Top customer reviews
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Rocky the dolphin lived alone for years after his mate in captivity died, sadly swimming in his tank and performing for crowds. One day, a woman named Bev came to see him and she continued to return often, sometimes bringing other people along. They would talk and Rocky had the feeling that they might be talking about him. It turned out that he was right! The people took Rocky on a series of journeys, inching him ever closer to the freedom into which he had been born, before people captured him. Finally, with two other dolphins, Rocky is set free in the ocean, finally able to live as a free, wild dolphin.
This story is followed by "The REAL Story", 6 pages of the exact same story, told without making up the thoughts of Rocky. This section includes real photos of the real rescue. Last, there are two pages of interesting true facts about dolphins.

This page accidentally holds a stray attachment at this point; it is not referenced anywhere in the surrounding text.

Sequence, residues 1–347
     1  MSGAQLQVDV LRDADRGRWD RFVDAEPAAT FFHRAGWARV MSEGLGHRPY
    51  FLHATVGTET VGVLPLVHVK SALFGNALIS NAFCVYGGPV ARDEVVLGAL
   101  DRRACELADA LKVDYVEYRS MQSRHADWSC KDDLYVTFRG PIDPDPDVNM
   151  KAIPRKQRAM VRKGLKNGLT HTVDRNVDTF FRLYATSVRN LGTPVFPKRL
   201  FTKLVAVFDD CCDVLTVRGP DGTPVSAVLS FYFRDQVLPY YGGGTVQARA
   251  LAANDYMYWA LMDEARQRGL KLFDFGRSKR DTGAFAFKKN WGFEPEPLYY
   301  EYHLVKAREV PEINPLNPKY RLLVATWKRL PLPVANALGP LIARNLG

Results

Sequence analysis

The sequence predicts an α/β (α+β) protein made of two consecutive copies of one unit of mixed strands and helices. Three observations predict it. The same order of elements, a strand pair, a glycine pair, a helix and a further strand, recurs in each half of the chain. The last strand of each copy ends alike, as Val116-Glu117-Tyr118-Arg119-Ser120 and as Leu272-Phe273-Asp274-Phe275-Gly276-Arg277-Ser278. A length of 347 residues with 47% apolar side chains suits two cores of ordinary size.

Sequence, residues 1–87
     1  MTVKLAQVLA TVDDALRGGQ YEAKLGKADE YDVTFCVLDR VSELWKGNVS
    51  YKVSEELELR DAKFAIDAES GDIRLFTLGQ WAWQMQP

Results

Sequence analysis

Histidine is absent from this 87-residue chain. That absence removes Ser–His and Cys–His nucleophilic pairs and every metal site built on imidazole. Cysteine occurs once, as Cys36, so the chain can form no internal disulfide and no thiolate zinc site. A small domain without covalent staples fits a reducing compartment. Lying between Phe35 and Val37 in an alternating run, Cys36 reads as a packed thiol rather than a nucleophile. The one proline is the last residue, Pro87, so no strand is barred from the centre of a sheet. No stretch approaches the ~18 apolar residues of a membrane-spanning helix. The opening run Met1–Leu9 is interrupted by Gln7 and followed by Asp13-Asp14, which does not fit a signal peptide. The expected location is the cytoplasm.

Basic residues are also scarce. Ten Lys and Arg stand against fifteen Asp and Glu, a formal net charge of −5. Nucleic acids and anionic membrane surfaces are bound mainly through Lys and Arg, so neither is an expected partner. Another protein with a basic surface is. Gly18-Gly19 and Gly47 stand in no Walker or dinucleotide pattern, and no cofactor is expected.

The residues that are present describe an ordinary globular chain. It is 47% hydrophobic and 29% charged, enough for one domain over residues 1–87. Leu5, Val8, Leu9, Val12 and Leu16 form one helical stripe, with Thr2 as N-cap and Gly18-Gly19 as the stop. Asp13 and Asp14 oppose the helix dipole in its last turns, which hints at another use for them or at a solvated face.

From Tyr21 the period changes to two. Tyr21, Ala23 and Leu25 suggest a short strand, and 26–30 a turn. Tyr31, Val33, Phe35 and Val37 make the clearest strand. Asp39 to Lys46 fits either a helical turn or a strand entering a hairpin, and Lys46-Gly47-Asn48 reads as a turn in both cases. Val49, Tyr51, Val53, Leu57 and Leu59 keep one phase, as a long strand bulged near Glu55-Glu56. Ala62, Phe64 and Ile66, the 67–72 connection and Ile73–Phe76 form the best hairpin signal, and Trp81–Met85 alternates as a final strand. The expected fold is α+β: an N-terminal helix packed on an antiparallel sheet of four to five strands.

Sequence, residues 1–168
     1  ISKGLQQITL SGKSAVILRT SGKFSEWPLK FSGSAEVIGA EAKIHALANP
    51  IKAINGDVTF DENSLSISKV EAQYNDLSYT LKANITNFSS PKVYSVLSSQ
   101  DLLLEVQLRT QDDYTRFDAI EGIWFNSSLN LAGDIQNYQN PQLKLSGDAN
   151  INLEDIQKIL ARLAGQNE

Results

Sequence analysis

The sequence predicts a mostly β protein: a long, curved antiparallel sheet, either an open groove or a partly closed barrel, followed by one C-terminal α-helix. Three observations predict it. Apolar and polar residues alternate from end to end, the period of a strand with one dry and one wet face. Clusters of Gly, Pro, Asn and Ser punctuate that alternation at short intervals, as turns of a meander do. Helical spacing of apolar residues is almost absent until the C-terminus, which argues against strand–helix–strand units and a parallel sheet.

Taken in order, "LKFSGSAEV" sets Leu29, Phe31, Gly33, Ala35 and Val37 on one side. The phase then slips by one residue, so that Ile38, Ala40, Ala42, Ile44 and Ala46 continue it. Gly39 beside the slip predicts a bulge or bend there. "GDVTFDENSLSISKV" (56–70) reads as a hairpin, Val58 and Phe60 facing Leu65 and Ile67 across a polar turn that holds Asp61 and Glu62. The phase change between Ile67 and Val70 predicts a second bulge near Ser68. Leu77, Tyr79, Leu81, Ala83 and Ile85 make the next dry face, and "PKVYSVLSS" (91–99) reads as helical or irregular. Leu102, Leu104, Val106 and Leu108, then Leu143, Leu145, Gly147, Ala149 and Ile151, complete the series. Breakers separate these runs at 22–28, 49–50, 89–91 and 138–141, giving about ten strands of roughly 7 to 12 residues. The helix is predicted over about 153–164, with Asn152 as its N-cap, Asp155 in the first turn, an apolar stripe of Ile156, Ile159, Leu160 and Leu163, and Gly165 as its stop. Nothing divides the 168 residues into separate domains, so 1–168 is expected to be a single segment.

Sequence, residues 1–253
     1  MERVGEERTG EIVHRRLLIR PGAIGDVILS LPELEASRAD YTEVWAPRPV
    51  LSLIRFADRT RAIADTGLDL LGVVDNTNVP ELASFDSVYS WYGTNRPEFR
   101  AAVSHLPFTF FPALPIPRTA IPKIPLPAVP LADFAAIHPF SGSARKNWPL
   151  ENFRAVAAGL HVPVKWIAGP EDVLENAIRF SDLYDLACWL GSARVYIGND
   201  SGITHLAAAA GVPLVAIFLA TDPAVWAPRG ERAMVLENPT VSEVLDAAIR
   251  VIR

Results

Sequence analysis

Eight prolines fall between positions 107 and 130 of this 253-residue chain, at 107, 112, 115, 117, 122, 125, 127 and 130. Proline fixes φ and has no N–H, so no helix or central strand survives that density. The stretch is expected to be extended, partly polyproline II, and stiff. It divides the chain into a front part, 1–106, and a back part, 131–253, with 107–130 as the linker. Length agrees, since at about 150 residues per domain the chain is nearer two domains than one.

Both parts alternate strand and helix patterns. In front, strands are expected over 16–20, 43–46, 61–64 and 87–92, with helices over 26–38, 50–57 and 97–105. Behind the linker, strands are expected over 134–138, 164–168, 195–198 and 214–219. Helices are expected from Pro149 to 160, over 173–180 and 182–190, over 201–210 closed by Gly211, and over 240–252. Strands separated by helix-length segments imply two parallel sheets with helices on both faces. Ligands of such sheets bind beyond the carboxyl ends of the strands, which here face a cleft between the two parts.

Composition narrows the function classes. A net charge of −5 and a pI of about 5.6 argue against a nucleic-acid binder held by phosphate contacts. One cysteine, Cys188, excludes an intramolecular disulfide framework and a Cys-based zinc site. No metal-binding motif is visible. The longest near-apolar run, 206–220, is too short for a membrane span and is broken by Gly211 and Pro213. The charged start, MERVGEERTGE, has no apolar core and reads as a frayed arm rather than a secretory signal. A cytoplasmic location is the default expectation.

First, the reasons why I'm split on the age appropriate age group. The text is simplistic, written in that condescending way that many fairy tales are written. This makes it seem best suited to very young readers. On the other hand, "The REAL Story" and the facts seem to be geared toward older kids. This makes it possible for the book to have a longer "life" but it also makes it seem to have a split personality. As for propaganda - I have no problems with setting dolphins free, but there's absolutely no presentation, whatsoever, of the other side of the story.
Author Virginia McKenna's text in the first portion of the book is maddening. "Rocky wondered if Bev knew he was lonely.", for example. Really? The dolphin thought that? And, assuming that he did, doesn't that human-like thought process explain, in part, the fascination that led to the captivity of so many dolphins in the first place? So why highlight it throughout the entire story? Everything that happens is told through Rocky's eyes and, since he doesn't know the names of things around him, the story is vague and strange. Maybe that's how Rocky "saw" it, but it isn't how it should be written, if making sense is a goal. The text of "The REAL Story" flows much better, probably because McKenna didn't have to pretend to know what a dolphin was thinking. The illustrations, by Ian Andrew, are wonderful but sometimes just as confusing as the text. One or the other should be clear and there are times that neither is.
Not really worth reading, Back to the Blue's greatest purpose might be the facts on the last two pages.